Terrick Merinos' 125 years of history moving to Lansdowne at Tambo

Sally Gall
By Sally Gall
Updated March 30 2022 - 2:55am, first published 2:00am
Lansdowne's Chris Turnbull inspecting sheep at a show. Picture: Bushshutterman Photography

The 125-year-old Terrick Merino Stud at Blackall is moving to a stud with a historic legacy just as long as its own.

The Turnbull family at Lansdowne, Tambo are in the process of purchasing the stud from Rick and Jenny Keogh for an undisclosed price.



Lansdowne manager Christopher Turnbull said it was their intention to keep the stud separate from their own and run it alongside the Lansdowne Merino Stud.

He said it would have been a shame to have seen more than a century of breeding and all of the Keoghs' work over the last 20 years gone in a dispersal sale.

"It wouldn't be good to see Terrick clients go to NSW and Victoria for their rams - we hope they'll be following the stud over to us," he said. "The land type here, and the rainfall, is pretty similar to what the sheep are used to."

The sale includes 1500 stud ewes, ram lambs, ewe weaners and 30 sires, all with ASBV indexing.

In an interesting twist, the Turnbulls bought the entire Gowan poll Merino stud, part of the original Terrick Terrick stud breeding operation, in 2001, the same year that the Keoghs purchased the horn side of the business.

Rick Keogh said he was relieved to know that all their practices would be maintained under the new regime.

"We had the opportunity to break the stud up, and make more money in the process, for the genetics - there was a bit of interest in that," he said. "But 125 years of history won't be dissolved on my watch."

Mr Keogh said they got to the end of last year and felt something had to give.

"The pressures of the whole stud side of the business were getting too much for us, and we've always been believers in doing the job properly," he said. "Hume Turnbull had previously expressed an interest in the stud, so that's how it happened."

Chris Turnbull said there were good financial reasons for them to take Terrick Merinos on, as well as its genetic legacy, saying the amount of exclusion fencing that had taken place meant there was an ongoing strong need for Merino rams.

"We think it will improve our bottom line," he said.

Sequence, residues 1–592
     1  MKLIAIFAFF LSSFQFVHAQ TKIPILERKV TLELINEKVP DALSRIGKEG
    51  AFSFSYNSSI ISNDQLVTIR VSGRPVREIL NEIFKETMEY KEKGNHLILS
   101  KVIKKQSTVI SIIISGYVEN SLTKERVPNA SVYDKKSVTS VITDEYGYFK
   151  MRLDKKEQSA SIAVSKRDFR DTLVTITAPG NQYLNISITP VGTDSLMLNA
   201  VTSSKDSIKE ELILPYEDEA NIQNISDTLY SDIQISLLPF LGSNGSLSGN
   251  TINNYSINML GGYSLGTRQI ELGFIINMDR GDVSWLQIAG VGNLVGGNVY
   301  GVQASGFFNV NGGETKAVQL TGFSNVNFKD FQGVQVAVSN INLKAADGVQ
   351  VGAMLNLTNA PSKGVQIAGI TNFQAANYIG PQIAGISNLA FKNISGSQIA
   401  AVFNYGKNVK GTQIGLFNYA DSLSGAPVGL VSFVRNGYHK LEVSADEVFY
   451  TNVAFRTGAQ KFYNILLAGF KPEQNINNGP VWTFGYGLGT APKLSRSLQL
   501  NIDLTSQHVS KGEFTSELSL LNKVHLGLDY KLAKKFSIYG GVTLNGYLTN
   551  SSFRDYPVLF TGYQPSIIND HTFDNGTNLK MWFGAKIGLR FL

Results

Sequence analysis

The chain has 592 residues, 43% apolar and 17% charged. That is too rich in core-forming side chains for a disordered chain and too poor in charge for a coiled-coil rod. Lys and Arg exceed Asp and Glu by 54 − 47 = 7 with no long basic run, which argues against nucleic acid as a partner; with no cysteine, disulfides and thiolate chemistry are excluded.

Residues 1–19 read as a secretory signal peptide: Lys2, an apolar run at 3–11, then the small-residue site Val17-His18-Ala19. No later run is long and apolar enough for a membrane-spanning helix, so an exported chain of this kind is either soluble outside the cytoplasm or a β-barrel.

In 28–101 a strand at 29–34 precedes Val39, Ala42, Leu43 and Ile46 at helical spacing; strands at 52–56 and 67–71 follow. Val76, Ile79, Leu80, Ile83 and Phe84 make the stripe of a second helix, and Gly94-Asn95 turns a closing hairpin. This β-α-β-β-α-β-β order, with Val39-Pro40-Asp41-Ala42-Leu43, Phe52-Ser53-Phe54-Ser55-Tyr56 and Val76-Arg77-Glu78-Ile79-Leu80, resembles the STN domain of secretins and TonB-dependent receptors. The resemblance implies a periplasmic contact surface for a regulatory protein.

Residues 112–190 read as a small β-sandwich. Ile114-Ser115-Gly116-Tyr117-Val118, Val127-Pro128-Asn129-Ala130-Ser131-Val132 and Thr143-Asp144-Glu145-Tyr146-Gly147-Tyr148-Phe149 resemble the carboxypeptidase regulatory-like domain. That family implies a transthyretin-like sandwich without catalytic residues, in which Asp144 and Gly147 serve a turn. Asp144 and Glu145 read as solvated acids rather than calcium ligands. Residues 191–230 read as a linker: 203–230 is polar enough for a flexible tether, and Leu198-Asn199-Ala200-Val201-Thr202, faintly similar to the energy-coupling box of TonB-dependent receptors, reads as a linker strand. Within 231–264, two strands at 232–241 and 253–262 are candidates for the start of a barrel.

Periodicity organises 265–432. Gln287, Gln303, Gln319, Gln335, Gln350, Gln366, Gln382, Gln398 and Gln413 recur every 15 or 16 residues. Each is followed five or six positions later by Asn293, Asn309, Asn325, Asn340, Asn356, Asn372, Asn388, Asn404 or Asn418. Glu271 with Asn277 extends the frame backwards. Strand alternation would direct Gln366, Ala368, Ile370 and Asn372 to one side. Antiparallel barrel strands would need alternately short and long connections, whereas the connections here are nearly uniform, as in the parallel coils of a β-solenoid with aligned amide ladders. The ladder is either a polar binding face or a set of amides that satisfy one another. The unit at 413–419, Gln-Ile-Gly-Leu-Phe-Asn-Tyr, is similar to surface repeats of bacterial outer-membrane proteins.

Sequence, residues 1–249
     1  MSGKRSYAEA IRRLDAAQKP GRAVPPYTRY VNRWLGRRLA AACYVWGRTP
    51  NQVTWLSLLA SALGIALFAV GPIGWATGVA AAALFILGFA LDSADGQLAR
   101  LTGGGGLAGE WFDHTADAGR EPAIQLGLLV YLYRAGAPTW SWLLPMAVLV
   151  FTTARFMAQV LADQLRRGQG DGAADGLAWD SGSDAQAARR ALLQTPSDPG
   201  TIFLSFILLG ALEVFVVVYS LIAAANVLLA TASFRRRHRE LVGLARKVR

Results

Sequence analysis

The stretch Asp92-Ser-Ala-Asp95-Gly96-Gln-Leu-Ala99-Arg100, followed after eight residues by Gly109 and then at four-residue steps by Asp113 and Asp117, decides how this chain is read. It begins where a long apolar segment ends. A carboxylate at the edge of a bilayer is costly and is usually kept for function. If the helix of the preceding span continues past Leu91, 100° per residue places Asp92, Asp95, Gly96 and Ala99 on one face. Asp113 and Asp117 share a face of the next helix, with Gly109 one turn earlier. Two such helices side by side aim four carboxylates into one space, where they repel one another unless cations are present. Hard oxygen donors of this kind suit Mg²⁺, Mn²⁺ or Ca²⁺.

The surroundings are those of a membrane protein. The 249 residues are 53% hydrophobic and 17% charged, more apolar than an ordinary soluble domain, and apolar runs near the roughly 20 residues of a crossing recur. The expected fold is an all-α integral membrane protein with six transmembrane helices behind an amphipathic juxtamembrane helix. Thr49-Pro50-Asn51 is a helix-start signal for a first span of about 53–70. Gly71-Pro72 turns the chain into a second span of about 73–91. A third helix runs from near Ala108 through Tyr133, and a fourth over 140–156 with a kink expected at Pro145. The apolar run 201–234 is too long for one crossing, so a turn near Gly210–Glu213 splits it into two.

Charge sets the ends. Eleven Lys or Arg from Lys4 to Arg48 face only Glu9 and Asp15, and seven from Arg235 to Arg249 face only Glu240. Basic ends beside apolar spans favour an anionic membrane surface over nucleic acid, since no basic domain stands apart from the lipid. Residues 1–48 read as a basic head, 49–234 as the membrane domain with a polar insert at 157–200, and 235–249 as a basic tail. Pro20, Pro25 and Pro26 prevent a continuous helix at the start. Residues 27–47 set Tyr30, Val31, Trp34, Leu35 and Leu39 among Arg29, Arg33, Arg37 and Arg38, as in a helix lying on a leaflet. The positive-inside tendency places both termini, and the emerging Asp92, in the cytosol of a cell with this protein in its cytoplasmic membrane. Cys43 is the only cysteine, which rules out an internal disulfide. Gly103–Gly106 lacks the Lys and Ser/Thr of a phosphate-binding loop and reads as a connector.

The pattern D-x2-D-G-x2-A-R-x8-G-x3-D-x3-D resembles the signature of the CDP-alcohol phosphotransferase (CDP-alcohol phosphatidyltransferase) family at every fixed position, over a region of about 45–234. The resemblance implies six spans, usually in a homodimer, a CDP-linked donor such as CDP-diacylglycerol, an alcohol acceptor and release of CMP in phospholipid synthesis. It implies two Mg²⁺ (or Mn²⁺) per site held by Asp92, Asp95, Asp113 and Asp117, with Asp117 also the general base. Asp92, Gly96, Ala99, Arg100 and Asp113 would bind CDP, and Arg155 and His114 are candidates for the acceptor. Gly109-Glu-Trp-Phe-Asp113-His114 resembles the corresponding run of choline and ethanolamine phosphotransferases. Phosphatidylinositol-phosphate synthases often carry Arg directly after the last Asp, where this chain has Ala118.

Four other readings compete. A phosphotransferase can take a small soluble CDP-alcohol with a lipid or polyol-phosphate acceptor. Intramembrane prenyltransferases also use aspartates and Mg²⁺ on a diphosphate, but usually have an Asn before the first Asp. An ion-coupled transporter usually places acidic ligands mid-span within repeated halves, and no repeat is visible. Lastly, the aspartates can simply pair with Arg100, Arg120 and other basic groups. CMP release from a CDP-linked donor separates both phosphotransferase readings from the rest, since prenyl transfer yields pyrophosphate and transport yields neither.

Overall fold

Lansdowne stud begun in 1884

The Lansdowne Pastoral Company was formed in 1881 and purchased its first sheep in 1883, beginning a Merino stud in 1884, 12 years before the Australian Estates and Mortgage Co Ltd brought a Merino stud into being at Terrick Terrick in 1896.

Lansdowne has had a poll stud since 1944.

Mr Turnbull said Lansdowne had been a Haddon Rig Merino daughter stud for a bloodline base since the 1950s.

Genetics bought into the stud over the past 30 years include South Australian sires in 2005, and Boonoke sires bought in 2014 and in 2021.



In addition to the Gowan poll Merino stud purchase, ewes bought over the years to complement their own sires include Canonbar stud ewes in 1995.

Mr Turnbull finished school at TSS at Southport a decade ago, going straight to the Northern Territory to work for CPC at Newcastle Waters and Carlton Hill, before gaining a sheep and wool scholarship to attend Marcus Oldham College at Geelong.

After completing a one-year agribusiness degree there, he worked on Cobungra, a Wagyu stud in Victoria's high country until April 2014, when drought was pinching hard back home at Tambo.

In 2017 he was appointed overseer of the flock operation at Lower Lansdowne, and was also named the inaugural winner of the Landmark Queensland Young Merino breeder award.

Chris Turnbull with the 2017 Landmark Queensland Young Merino Breeder award.

He has been Lansdowne's manager since October last year and said he was looking forward to working alongside Rick Keogh and take on all his knowledge, and introducing ASBV indexing to the Lansdowne stud.



Lansdowne currently sells all its rams privately but Mr Turnbull said there was a possibility of holding either an on-property or off-property sale at Blackall.

"People are used to that with Terrick - it would be a shame to throw it out," he said.


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Sally Gall

Sally Gall

Senior journalist - Queensland Country Life/North Queensland Register

Based at Blackall, CW Qld, where I've raised a family, run Merino sheep and beef cattle, and helped develop a region - its history, tourism, education and communications.

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